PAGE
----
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What your kids do at shopping malls

Life: What a journeyCHARLES CHISALA, Lusaka
YOU, young people of Lusaka, why are you bent on driving me mad with your delinquency?
You know that I love you all, but your behaviour will surely force me to review our friendship.
In the mean time I am reporting you to the owners and managers of shopping malls. Yes, I am blowing the whistle on you.
You thought you were clever? I know what you have been doing when you are at those shopping malls.
When I first heard the complaints from some members of the public, I thought they were just being malicious.
But now I know why they have been complaining. One of the recent weekends I decided to spend a bit of time at one shopping mall’s upper deck car park and see for myself what goes on there.
There were children racing with mini race cars as usual and a sizeable crowd of spectators, mostly parents and siblings, watching the racers as they navigated their way round the meandering route improvised with a maze of discarded motor vehicle tyres.
By the time I was descending and heading back home I was seething with anger at the debauchery I witnessed among the youth, most of them adolescents.
The first thing I observed was that quite a good number of them were carrying school bags on their backs or shoulders. I didn’t have much trouble knowing what they were carrying in those bags.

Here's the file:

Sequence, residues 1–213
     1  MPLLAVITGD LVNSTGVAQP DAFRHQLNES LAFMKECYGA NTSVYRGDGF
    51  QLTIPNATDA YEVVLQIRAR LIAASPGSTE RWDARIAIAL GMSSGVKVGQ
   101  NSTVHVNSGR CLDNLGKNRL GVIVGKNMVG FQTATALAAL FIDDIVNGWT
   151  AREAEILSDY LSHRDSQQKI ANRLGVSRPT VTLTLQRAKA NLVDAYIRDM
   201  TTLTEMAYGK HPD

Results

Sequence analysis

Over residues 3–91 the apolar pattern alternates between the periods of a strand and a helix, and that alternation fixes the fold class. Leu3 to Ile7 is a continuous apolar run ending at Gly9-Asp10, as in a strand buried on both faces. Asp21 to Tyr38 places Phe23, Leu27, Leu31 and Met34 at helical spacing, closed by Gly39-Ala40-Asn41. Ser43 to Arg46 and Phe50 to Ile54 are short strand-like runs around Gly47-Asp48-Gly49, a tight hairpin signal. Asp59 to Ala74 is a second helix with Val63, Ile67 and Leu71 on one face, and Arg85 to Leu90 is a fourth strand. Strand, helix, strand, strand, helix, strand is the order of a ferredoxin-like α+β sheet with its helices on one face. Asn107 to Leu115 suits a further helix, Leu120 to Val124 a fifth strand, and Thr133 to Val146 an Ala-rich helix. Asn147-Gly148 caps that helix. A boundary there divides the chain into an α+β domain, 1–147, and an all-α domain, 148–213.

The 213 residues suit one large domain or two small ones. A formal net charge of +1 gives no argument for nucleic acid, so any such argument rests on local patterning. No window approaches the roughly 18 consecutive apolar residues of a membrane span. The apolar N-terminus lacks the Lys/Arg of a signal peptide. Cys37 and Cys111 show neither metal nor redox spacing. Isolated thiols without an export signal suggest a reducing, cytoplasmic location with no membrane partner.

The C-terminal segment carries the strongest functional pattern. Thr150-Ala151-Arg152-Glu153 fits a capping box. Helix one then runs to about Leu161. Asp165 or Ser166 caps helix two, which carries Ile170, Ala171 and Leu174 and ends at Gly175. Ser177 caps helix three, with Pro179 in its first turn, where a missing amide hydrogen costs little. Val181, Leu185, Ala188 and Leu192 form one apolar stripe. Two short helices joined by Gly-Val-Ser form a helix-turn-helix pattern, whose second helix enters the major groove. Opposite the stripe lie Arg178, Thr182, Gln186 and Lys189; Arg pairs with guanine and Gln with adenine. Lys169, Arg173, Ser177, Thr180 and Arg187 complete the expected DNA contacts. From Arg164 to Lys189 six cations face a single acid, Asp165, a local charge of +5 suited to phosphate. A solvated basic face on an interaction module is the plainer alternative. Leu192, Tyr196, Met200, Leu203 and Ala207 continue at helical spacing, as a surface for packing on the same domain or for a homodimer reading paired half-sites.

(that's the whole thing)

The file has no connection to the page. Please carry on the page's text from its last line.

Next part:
For some time the youths pretended to be interested in the car racing. Then they began walking away to parked cars, with some of them leaning against the safety steel bars, pretending to watch what was happening down on the ground.
Then they began nudging bottles of brandy or whisky out of bags, pockets or hand bags. They began pouring the deadly contents into half-full soft drink bottles.
After filling up the soft drink bottles the brandy or whisky bottles disappeared back into the bags, pockets and hand bags. The young ones began moving around the car park, nonchalantly sipping from their innocent looking soft drink bottles while holding one another’s hand or waist.
Some came with soft and energy drinks that were already laced with the spirits and drunk of the liquor with abandon.
Many girls, dressed in all kinds of bizarre attire with funny make-up, were busy on their phones, probably calling their lovers. It was common even downstairs to see a girl here and there busy on the phone, trying to communicate with her date.
Their lovers would finally appear, alone or in groups, to join the girls. I noticed that the place was crawling with the youngsters as the day grew older.
As usual, the new arrivals would first go to watch the car races before fanning out to various spots within the upper deck car park.
I saw some of the girls, as young as 15 years, walk to parked cars and ‘disappear’ into the comforts of the vehicles. As a former detective I decided to carry out a bit of spying.
I used to enjoy under-cover operations as a cop, and snooping on the kids was like reliving some of those covert ops. And did it take me long to confirm that the kids were indeed up to no good?